The nightmare scenario that Sprott and others describe is a sort of domino effect that continues to send pain spiralling throughout the economy and around the world. Lehman must now sell and dispose of almost US$700 billion in assets - including millions of complex investments and agreements, the value of which is extremely difficult to determine. If all those assets come pouring onto the market at once, it could devastate their value, forcing other banks, insurance companies and hedge funds to write down the value of their investments, meaning bigger losses, falling stocks and worst of all, more credit-rating downgrades. That in turn triggers the need for more asset sales, and even tougher lending conditions. If it gets even more difficult for people to borrow, recovery becomes impossible, and another domino falls. Had AIG been allowed to fail, observers say the repercussions would be far, far greater than in the case of Lehman. "Right now, we're still caught up in this vicious cycle of falling house prices, tightening credit standards, weakening demand for houses and therefore more pressure on house prices," says Sal Guatieri, senior economist at BMO Capital Markets. "That feeds back into weakening credit markets and a weakening economy. They're all reinforcing each other on the way down much like they did on the way up. We're certainly not at the bottom of that vicious cycle yet and we may not be until later this year, or early next year."

Already, many are laying the blame at the feet of government and the Federal Reserve, not just because they refused to bail out Lehman, then agreed to save AIG, but because officials seem to have misunderstood the sprawling implications of a falling real estate market. "That just leads to inadequate responses. That's why the thing just grinds on," says Brian Bethune, chief U.S. economist at Global Insight. "Even the Federal Reserve, right from the get-go, has underestimated the scale and scope of this crisis. The real worst case is you have another couple of institutions that fail and that triggers a domino effect in the financial system on a scale that's not been seen since the Great Depression. That is the worst-case scenario plain and simple."

There is another school of thought, however, and more and more observers are willing to predict that while the problems are far from over, we may now be on the long road to recovery. They say the disappearance of Lehman and Merrill, while regrettable, is good news because it allows stronger players to get on with the business of rebuilding confidence and separating the truly toxic from the merely depressed. "You have to stand back, take a deep breath, and say look, the outlook isn't great, but the financials in the U.S. had the biggest correction since the Great Depression," says Murray Leith, director of investment research at Odlum Brown in Vancouver. "Bad banks are being absorbed by good banks, or by government, so the overall health of the financial system is actually getting better. A lot of these banks have businesses that are making good money. I think you'll see more of a coordinated effort by central banks to reflate the global economy, and I think, ultimately, they'll succeed."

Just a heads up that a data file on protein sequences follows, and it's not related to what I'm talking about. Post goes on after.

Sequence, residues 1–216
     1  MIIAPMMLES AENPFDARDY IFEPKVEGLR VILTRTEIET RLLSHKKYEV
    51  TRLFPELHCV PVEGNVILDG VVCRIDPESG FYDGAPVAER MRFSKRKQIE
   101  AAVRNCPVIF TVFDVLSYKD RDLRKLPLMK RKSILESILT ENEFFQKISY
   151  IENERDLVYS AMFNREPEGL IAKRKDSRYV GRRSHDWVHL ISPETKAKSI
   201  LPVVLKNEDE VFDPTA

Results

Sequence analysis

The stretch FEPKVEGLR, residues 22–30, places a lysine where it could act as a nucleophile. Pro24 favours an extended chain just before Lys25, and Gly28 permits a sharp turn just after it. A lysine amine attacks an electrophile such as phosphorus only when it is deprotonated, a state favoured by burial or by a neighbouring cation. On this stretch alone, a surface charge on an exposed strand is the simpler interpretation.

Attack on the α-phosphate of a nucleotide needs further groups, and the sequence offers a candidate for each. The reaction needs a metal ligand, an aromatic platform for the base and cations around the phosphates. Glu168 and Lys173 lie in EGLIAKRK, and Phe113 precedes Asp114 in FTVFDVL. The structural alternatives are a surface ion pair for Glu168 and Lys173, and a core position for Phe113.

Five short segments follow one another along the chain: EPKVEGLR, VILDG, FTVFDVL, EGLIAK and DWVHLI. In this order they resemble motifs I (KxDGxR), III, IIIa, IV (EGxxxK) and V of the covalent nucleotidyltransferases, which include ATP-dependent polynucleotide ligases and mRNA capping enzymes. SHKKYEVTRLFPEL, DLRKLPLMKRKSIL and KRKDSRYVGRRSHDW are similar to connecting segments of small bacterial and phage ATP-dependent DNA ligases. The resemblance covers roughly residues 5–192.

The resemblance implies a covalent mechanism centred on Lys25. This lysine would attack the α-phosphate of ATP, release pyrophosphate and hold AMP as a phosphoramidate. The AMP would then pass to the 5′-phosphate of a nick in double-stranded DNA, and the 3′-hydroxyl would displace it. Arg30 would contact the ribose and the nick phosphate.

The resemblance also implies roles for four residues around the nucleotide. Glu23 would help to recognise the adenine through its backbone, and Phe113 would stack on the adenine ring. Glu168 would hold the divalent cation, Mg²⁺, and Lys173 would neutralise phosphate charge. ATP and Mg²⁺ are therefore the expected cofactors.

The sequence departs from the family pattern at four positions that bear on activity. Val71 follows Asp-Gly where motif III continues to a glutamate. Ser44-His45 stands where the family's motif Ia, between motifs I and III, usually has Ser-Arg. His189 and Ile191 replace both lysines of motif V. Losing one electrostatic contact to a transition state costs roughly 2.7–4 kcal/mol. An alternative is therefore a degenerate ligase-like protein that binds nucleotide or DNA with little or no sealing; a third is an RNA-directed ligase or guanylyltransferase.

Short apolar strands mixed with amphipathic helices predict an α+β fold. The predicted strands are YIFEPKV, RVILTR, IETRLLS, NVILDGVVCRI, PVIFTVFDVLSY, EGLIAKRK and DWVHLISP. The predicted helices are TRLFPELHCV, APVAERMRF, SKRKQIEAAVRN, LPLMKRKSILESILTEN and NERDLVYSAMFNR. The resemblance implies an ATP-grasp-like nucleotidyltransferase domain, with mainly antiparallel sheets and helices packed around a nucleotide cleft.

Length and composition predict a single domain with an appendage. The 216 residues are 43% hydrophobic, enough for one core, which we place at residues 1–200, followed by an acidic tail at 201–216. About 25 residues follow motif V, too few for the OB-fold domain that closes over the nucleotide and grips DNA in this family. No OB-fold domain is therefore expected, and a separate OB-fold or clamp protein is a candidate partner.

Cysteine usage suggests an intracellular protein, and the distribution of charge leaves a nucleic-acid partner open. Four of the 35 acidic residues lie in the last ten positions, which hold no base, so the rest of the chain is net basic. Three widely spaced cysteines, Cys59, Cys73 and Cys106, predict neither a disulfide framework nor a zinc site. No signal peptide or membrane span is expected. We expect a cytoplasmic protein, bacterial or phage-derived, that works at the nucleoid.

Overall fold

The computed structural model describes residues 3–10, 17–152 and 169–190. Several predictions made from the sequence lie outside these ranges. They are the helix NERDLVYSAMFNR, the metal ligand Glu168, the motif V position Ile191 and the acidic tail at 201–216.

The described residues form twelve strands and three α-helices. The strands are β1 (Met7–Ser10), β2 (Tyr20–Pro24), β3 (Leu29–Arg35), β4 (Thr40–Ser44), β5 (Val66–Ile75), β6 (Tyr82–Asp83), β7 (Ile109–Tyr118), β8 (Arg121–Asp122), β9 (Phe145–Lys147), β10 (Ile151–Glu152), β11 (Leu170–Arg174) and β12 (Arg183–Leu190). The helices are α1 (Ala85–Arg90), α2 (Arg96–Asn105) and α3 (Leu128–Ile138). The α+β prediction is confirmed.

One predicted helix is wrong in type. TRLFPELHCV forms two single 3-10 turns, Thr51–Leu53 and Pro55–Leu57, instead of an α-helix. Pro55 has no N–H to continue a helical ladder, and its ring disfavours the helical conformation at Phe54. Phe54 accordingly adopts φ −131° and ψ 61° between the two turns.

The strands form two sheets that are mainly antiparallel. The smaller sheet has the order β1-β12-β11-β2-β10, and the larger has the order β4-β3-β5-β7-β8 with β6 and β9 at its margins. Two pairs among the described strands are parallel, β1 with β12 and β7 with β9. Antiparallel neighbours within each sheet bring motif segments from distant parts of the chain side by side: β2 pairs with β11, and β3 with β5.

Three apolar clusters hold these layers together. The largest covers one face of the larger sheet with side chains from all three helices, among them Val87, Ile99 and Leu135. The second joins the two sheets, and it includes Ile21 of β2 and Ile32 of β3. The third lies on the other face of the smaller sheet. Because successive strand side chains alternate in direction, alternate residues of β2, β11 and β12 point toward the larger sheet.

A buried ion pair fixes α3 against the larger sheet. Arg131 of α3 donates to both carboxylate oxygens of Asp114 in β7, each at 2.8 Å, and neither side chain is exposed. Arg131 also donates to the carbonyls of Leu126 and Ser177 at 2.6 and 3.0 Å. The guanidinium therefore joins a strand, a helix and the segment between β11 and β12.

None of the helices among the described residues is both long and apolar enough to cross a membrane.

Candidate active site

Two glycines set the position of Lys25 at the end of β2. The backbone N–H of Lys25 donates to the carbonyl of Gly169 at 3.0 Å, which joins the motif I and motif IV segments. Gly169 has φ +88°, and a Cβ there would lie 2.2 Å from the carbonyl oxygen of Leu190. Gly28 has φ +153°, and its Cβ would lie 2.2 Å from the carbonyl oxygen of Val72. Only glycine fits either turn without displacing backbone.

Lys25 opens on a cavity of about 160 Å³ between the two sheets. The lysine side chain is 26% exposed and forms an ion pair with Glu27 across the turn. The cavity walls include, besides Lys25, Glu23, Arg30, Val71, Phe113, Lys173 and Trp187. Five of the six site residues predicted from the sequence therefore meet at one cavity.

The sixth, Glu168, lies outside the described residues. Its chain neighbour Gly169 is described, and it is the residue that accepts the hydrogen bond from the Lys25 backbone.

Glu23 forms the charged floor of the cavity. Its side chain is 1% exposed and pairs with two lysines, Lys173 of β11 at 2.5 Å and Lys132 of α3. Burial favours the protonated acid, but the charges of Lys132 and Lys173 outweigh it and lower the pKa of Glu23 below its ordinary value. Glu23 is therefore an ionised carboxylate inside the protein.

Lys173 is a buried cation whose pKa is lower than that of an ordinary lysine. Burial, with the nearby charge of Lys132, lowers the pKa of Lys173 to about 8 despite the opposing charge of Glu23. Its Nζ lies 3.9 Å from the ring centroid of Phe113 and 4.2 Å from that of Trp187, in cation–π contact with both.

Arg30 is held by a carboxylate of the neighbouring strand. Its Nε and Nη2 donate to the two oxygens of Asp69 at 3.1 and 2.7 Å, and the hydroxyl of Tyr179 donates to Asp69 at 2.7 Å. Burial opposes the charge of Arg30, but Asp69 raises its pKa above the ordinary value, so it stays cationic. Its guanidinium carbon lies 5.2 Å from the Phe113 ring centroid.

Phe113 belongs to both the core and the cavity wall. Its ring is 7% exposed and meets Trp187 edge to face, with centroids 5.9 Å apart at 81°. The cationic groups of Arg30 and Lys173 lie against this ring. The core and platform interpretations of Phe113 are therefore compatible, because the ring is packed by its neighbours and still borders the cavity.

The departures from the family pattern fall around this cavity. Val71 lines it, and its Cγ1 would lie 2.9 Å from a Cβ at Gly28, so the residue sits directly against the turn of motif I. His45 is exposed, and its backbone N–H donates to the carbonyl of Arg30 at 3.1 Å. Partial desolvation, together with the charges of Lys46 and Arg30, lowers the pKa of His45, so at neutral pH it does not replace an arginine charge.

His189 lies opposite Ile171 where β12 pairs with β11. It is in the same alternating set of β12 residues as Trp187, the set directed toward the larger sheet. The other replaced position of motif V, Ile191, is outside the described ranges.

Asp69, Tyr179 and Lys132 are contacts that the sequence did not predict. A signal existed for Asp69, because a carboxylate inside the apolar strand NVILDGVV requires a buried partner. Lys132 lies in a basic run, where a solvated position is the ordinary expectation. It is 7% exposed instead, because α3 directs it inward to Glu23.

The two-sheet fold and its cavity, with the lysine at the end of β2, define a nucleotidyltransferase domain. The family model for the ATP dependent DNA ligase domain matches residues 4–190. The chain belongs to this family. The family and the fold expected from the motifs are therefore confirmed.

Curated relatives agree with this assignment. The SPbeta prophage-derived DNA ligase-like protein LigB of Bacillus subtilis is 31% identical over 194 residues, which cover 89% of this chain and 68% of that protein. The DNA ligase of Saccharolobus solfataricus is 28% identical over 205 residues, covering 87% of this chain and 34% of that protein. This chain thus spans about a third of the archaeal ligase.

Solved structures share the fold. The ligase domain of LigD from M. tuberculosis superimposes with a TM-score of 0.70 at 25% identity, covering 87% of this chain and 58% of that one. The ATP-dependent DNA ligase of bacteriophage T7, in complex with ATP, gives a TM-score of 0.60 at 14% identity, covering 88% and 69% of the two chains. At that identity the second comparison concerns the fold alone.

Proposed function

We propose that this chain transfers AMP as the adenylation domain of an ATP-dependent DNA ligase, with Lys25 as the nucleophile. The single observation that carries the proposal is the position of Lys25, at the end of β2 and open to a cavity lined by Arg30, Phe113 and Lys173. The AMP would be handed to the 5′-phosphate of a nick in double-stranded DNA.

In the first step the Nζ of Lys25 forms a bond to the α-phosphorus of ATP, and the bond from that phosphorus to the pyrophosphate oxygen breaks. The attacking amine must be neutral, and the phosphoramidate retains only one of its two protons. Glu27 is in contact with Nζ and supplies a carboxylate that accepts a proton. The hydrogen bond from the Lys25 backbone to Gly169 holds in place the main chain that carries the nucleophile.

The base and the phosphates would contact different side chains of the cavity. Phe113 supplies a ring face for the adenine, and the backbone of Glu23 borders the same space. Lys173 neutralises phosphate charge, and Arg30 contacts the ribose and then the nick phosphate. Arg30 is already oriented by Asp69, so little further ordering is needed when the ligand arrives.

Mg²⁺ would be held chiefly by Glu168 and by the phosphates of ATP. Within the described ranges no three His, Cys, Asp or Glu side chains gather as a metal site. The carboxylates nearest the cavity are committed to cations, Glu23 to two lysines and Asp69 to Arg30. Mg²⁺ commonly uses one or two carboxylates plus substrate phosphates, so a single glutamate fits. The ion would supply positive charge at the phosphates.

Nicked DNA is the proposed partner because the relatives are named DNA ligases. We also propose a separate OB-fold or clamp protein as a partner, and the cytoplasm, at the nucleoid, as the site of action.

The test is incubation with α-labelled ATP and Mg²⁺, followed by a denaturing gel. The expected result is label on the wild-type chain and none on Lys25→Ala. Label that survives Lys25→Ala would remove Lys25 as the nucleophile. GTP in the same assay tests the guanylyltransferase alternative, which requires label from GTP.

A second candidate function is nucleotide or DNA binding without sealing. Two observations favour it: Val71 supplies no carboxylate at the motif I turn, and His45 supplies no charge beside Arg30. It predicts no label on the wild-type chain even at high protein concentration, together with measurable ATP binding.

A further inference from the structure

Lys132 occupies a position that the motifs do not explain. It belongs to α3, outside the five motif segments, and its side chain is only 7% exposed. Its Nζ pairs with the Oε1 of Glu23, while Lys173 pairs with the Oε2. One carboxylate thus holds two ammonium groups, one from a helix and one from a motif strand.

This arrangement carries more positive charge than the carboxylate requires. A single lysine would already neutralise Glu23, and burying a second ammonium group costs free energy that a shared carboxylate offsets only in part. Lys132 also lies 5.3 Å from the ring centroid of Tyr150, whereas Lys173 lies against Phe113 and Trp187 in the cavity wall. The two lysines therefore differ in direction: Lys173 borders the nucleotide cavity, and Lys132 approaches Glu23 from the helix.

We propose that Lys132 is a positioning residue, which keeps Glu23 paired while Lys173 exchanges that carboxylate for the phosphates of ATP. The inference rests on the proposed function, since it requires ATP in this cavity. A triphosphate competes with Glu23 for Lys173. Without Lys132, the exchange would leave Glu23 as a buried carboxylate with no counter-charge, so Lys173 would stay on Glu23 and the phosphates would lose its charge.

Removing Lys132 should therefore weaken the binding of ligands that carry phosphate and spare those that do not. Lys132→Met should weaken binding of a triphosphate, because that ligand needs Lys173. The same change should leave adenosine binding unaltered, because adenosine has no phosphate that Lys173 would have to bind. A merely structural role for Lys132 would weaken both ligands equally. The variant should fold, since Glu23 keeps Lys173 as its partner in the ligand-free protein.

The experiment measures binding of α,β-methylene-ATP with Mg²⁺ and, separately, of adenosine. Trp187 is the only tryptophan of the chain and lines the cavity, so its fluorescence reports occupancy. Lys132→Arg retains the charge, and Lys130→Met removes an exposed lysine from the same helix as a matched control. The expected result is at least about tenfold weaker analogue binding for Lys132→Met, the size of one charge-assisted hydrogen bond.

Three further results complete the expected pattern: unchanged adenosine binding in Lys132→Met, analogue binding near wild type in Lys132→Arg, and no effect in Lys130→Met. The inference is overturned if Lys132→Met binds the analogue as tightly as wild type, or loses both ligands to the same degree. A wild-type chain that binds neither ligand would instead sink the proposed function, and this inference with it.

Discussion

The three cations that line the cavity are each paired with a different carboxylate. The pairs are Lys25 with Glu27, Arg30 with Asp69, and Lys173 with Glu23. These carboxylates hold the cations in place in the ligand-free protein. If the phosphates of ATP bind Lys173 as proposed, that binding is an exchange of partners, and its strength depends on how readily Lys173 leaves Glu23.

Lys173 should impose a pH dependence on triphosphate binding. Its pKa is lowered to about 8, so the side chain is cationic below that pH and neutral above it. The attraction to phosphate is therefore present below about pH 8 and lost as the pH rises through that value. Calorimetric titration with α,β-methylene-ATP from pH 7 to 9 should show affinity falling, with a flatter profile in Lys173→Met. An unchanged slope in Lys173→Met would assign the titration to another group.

Indeed, that coordinated effort is already well under way. The hope is that with central banks and private lenders making tens of billions available to cover short-term cash shortages, confidence will gradually return, and any remaining failures will be relatively small and isolated. And Paulson's plans to save AIG demonstrate an extraordinary (some might say reckless) determination to stave off a market crash at almost any cost.

If those efforts pan out, then we will look back on this week as the beginning of a golden opportunity for prudent, long-term investors to buy decent assets at fire-sale prices, setting the stage for a rebound. Tighter regulation of the industry will undoubtedly follow, with restrictions on the worst forms of speculation that devastated so many. The key to recovery, observers say, is real estate. Prices need to stabilize and defaults need to slow in order for lenders to get back on their feet and put this nightmarish year behind them. There are many who are willing to bet that that stabilization is near at hand. "My personal opinion is that this is as a bad as it's going to get. I'm not going to predict the bottom to the day, but I don't think it will get much worse," Ted Rechtshaffen, president and CEO of Toronto's TriDelta Financial Planners, said last week. "I'm buying now and I'm not alone. When a crisis hits main street, and main street starts to panic, you know you're near the bottom."

If Rechtshaffen is right, then Henry Paulson may well go down as one of the shrewdest treasury secretaries in the modern era. He will have successfully defused the biggest financial panic in generations and prevented the outright collapse of the mortgage system - albeit at the expense of moral hazard.

If it goes the other way, if more failures lead to more asset sales, more foreclosures and a deepening crisis, then Paulson will have put U.S. taxpayers on the hook for hundreds of billions of dollars for nothing, and there's no telling where that rabbit hole leads. Then we will look back on last weekend with deep regret, and Paulson will be the one who let the fire spread beyond anyone's control.

Hero or Nero. The stakes could scarcely be higher.

See also BANKING.

Maclean's September 29, 2008